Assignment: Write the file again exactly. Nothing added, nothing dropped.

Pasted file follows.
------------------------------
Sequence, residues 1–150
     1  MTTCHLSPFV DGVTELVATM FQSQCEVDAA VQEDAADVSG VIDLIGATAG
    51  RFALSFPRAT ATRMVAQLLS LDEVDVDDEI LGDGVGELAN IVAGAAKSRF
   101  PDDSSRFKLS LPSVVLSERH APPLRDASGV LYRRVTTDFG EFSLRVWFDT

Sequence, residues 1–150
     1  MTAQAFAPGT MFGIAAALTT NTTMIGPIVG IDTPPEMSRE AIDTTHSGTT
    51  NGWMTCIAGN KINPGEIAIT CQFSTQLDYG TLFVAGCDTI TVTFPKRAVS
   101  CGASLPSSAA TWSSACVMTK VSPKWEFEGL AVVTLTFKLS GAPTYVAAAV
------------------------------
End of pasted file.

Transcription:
Sequence, residues 1–150
     1  MTTCHLSPFV DGVTELVATM FQSQCEVDAA VQEDAADVSG VIDLIGATAG
    51  RFALSFPRAT ATRMVAQLLS LDEVDVDDEI LGDGVGELAN IVAGAAKSRF
   101  PDDSSRFKLS LPSVVLSERH APPLRDASGV LYRRVTTDFG EFSLRVWFDT

Sequence, residues 1–150
     1  MTAQAFAPGT MFGIAAALTT NTTMIGPIVG IDTPPEMSRE AIDTTHSGTT
    51  NGWMTCIAGN KINPGEIAIT CQFSTQLDYG TLFVAGCDTI TVTFPKRAVS
   101  CGASLPSSAA TWSSACVMTK VSPKWEFEGL AVVTLTFKLS GAPTYVAAAV